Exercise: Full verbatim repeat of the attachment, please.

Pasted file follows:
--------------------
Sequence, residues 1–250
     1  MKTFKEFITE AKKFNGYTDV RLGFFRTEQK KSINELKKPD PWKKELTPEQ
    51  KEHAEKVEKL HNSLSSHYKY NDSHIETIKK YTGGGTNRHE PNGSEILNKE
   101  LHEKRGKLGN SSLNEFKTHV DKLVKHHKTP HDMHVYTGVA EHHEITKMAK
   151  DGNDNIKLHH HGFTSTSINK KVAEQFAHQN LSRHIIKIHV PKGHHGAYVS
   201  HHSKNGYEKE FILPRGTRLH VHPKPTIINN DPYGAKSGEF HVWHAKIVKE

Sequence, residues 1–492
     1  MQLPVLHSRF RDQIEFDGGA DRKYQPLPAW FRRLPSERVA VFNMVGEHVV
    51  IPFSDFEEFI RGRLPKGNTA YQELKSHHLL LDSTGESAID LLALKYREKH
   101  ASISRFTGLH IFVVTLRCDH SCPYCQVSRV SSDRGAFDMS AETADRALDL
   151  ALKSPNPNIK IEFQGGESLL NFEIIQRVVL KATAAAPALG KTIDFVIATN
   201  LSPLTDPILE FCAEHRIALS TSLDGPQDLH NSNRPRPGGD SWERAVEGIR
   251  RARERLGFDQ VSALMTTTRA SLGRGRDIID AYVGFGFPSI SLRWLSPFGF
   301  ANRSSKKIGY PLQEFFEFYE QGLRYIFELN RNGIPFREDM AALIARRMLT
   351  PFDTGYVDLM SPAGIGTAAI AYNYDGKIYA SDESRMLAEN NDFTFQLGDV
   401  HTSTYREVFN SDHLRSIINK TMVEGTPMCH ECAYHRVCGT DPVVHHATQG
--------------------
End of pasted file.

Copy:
Sequence, residues 1–250
     1  MKTFKEFITE AKKFNGYTDV RLGFFRTEQK KSINELKKPD PWKKELTPEQ
    51  KEHAEKVEKL HNSLSSHYKY NDSHIETIKK YTGGGTNRHE PNGSEILNKE
   101  LHEKRGKLGN SSLNEFKTHV DKLVKHHKTP HDMHVYTGVA EHHEITKMAK
   151  DGNDNIKLHH HGFTSTSINK KVAEQFAHQN LSRHIIKIHV PKGHHGAYVS
   201  HHSKNGYEKE FILPRGTRLH VHPKPTIINN DPYGAKSGEF HVWHAKIVKE

Sequence, residues 1–492
     1  MQLPVLHSRF RDQIEFDGGA DRKYQPLPAW FRRLPSERVA VFNMVGEHVV
    51  IPFSDFEEFI RGRLPKGNTA YQELKSHHLL LDSTGESAID LLALKYREKH
   101  ASISRFTGLH IFVVTLRCDH SCPYCQVSRV SSDRGAFDMS AETADRALDL
   151  ALKSPNPNIK IEFQGGESLL NFEIIQRVVL KATAAAPALG KTIDFVIATN
   201  LSPLTDPILE FCAEHRIALS TSLDGPQDLH NSNRPRPGGD SWERAVEGIR
   251  RARERLGFDQ VSALMTTTRA SLGRGRDIID AYVGFGFPSI SLRWLSPFGF
   301  ANRSSKKIGY PLQEFFEFYE QGLRYIFELN RNGIPFREDM AALIARRMLT
   351  PFDTGYVDLM SPAGIGTAAI AYNYDGKIYA SDESRMLAEN NDFTFQLGDV
   401  HTSTYREVFN SDHLRSIINK TMVEGTPMCH ECAYHRVCGT DPVVHHATQG